Regina resident weighs getting surgery in U.S. as Sask. hospitals grapple with COVID-19 surge
Peter Gebert says cabinet minister recommended he get the surgery in the States
A Regina resident who has been on a priority list for esophageal surgery since last fall is now considering accessing health care outside Canada, as his surgery date continues to get pushed back due to a constant surge of COVID-19 hospitalizations.
Peter Gebert said he came to the decision following a recent discussion with a Saskatchewan government cabinet minister.
"They told me, 'Peter, the best thing you can do is try to get surgery in the States.'"
Gebert, who is a Canadian-American citizen, declined to comment on who the cabinet minister was, as he is friendly with the individual and promised he would keep them out of the interview.
However, that conversation — which occurred via text message — has Gebert feeling hopeless.
"I have no faith in the ability of this government to uphold the very basics of what the Canadian health-care system is supposed to be all about," Gebert said.
The Ministry of Health did not respond to a request for comment.
Hospitalizations hit an all-time high
A surge in COVID-19 hospitalizations has put significant pressure on the health-care system.
Saskatchewan has seen more hospitalizations in the first three months of 2021 than it saw in all of 2020, the CEO of the Saskatchewan Health Authority said during a Tuesday briefing on COVID-19.
This means people like Gebert, who are waiting for a planned surgery, will have to wait longer.
Gebert has a hiatal hernia, and an esophagus that needs to get widened every second year.
As his surgery gets pushed back month after month, he continues to live in discomfort that gets worse every day.
At 66, Gebert said he's at the point where most days he cannot get out of bed, and eating has become difficult.
He said he's experienced several serious incidents where food gets stuck in his throat and he has a coughing fit because he can't breathe.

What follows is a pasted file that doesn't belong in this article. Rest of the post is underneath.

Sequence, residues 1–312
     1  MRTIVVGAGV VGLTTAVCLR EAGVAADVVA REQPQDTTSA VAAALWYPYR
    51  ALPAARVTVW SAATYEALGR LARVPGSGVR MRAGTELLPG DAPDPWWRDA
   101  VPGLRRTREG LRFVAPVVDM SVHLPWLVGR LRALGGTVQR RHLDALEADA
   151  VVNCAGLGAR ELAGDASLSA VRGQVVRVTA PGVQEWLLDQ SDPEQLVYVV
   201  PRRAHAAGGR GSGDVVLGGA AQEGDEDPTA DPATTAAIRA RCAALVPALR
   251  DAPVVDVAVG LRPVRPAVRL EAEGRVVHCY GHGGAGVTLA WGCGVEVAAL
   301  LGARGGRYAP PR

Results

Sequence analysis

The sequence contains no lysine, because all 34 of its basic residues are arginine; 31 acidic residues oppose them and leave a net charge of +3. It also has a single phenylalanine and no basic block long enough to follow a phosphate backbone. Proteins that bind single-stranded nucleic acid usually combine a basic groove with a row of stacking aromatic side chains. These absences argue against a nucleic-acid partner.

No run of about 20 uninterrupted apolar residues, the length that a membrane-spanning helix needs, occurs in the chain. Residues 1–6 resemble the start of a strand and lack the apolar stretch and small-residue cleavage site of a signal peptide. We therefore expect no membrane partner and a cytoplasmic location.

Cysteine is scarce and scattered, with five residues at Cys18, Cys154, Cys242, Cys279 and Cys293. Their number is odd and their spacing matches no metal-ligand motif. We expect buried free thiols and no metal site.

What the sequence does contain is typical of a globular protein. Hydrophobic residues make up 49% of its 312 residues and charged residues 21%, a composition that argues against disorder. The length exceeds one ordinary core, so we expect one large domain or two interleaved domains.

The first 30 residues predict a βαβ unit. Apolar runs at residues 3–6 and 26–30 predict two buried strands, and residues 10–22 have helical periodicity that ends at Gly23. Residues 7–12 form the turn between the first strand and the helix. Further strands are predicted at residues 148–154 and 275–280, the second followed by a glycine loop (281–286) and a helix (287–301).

If he doesn't get the surgery, Gebert fears he could die.
"I never thought that was a possibility, but over the past few weeks, I think it is."
He hasn't seen his five kids and two grandchildren in over a year, as they all live in the United States. He worries he will become another statistic before he gets the chance to see them again.
This week, Gebert will discuss options with his surgeon about getting the help he needs in the United States.
"Yeah, that's going to cost a lot of money, but that's life. I want life. I've got another good gig in me," he said.
Gebert said he feels empathy for others who await surgery, but may not be able to afford to go elsewhere.
"On a daily basis, [the] numbers of COVID deaths are published. Perhaps right next to that number should be the number of non-COVID deaths that occur because we don't have access to basic health care," Gebert said.
In Saskatchewan, some triaging of ICU patients is already occurring — meaning doctors are making decisions on who can get care now and who cannot.
That concerns Gebert.
"A right to life is not guaranteed here anymore," he said, adding the health-care system needs to be reformed.
As Gebert manages his discomfort from the confines of his bed, he says he is tired of watching Saskatchewan politicians offer their commiseration.
"I'm tired of hearing 'our condolences go out to so-and-so and for their family.' It doesn't cut it. They're cowards," he said.
"They're all cowards."